India anticipates second COVID wave on anniversary of first lockdown

On this day a year ago, life as we knew it changed after the COVID-19-induced lockdown came into effect. People were forced to stay at home, and work from home. What started as a 21-day lockdown stretched to two months, affecting businesses, rendering migrant labourers jobless and shifting offices to home. The Federal recaps how things changed and looks at the situation now

Representational photo: PTI (File)

A sigh of relief that people took after the coronavirus cases registered a fall and the government lifted restrictions while kicking off a COVID-19 vaccination drive seems to have been short-lived with the country experiencing yet another surge of cases in what is feared is the onset of a second wave of the pandemic.

The past week has seen the country recording fresh spike in infections, nearly four months after cases showed a slump. India, on Monday, reported yet another single-day spike of infections, logging in 46,951 fresh cases, the biggest jump since November 7, taking the tally to 1,16,46,081. Maharashtra alone accounted for 30,535 cases, more than 60 per cent of the new cases reported on Monday.

India now is the third-worst affected country after the US and Brazil.

Just around this time last year, Prime Minister Narendra Modi, after calling a 24-hour ‘Janata Curfew’ on March 19, declared a 21-day lockdown across the country starting March 25, 2020, to break the chain of the pandemic. The virus had then had 500-plus people in its grip and had claimed 12 lives.

Related news: COVID 2.0: Can the country cope with another lockdown?

The announcement, which gave people barely four hours to stock up on essentials, triggered a mad rush in markets. The government ordered all public places, including shops, malls, factories, schools and places of worship, to be closed, while allowing only essential services to operate. All means of transport, including buses, trains and flights, were suspended and only personnel dealing with essential services were allowed to commute.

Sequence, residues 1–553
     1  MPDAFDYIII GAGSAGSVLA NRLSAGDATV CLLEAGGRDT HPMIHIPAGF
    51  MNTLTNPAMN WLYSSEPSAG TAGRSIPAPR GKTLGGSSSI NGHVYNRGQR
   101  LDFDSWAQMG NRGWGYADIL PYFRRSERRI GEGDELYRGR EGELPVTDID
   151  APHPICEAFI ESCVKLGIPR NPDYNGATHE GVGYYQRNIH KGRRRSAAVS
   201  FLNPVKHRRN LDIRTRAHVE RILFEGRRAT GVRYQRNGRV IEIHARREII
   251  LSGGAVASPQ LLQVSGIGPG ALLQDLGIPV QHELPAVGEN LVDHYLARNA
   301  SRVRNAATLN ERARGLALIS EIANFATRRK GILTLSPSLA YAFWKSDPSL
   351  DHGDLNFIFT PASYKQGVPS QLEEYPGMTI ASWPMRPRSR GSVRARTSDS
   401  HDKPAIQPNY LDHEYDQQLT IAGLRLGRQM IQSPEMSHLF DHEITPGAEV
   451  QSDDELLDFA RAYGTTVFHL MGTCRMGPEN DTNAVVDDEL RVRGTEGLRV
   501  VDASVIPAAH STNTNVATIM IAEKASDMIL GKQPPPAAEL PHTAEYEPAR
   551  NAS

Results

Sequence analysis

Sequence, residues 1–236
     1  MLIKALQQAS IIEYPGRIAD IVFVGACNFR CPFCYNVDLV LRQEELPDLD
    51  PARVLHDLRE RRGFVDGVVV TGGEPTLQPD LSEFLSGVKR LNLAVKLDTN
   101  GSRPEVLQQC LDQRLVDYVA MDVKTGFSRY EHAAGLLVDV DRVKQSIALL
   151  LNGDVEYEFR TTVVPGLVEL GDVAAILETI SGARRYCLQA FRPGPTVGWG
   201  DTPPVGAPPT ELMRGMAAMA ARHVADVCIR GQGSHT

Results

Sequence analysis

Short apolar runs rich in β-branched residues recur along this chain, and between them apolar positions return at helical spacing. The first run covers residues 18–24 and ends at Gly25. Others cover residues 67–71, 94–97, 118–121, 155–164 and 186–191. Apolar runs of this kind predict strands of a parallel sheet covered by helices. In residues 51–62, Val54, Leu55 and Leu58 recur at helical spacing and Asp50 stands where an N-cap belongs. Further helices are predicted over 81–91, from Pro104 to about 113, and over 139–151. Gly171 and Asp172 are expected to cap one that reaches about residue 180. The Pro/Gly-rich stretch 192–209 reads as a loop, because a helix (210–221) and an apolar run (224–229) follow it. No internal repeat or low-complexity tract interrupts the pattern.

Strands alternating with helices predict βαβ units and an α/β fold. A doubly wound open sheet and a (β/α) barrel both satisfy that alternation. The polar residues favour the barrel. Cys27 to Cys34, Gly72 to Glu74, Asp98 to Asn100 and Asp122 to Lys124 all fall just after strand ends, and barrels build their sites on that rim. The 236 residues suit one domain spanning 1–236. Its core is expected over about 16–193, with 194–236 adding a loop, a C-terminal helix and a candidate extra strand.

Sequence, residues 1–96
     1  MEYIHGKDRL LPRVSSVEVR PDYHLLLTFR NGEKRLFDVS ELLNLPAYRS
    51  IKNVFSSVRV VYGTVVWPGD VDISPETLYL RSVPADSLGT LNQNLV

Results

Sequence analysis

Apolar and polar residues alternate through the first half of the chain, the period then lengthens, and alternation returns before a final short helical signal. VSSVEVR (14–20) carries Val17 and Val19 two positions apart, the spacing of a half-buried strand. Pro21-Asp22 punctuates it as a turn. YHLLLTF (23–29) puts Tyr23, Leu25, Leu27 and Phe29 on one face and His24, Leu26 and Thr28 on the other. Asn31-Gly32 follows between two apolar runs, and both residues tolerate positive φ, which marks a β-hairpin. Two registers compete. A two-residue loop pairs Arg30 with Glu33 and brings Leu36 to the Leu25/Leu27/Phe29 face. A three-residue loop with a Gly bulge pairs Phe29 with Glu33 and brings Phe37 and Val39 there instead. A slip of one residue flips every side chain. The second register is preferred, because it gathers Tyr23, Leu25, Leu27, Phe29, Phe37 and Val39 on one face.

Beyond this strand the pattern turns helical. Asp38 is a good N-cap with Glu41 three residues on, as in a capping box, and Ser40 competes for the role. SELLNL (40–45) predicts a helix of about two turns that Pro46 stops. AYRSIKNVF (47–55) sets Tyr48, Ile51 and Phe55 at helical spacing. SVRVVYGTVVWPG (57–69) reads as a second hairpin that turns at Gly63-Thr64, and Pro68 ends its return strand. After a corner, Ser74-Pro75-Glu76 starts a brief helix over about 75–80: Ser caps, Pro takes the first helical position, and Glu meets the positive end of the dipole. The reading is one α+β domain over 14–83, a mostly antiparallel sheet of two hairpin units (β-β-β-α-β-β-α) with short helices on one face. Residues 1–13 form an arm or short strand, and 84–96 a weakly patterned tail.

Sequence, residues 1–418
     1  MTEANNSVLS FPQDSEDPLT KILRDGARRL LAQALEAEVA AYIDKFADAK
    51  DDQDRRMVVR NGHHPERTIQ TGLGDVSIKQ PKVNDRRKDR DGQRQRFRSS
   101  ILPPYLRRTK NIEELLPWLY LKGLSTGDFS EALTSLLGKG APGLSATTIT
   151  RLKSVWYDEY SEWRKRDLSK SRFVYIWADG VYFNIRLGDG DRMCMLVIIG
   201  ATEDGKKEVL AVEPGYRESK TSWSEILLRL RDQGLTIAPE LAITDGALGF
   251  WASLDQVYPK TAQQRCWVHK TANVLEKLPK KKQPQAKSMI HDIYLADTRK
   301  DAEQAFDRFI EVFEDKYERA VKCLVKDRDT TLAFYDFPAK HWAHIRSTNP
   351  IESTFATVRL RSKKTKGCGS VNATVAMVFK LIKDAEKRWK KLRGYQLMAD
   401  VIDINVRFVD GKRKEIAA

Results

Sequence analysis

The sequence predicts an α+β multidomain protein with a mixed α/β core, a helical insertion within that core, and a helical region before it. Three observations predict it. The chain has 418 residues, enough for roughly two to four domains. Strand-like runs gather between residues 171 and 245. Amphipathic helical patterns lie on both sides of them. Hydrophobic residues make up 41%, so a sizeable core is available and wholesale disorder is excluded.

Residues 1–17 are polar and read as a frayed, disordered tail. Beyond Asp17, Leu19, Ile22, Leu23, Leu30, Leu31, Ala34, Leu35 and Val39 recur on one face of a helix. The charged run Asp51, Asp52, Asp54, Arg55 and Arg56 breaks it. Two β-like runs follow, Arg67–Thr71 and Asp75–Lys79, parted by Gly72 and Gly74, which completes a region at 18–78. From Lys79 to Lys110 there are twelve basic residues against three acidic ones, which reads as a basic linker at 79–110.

In the ensuing days, thousands of migrant workers were rendered jobless due to the shutdown of workplaces and factories. They were forced to travel thousands of kilometres by foot back to their home states. Most of them were forced to leave cities due to inability to pay rent and afford basic amenities like food, water and healthcare due job loss.

As all forms of transportation were suspended, many had no other option but to walk to their villages along with families and even pregnant wives, while others cycled all the way or hitched rides. While many made it home, several others perished en route either due to hunger and fatigue or were killed in road accidents. In one such shocking incident on May 8, 2020, 16 migrants were run over by a goods train while they were sleeping on the railway tracks in Aurangabad, exhausted after a long day of walking.

According to data revealed in Parliament on September 14, 2020, by the Labour and Employment Minister Santosh Kumar Gangwar, at least 10 million migrants had tried to return home after the lockdown. The minister, however, said there was no data on the number of migrants who died due to the exodus or were rendered unemployed due to the lockdown. India, according to the India Exclusion Report, has a migrant population of 139 million.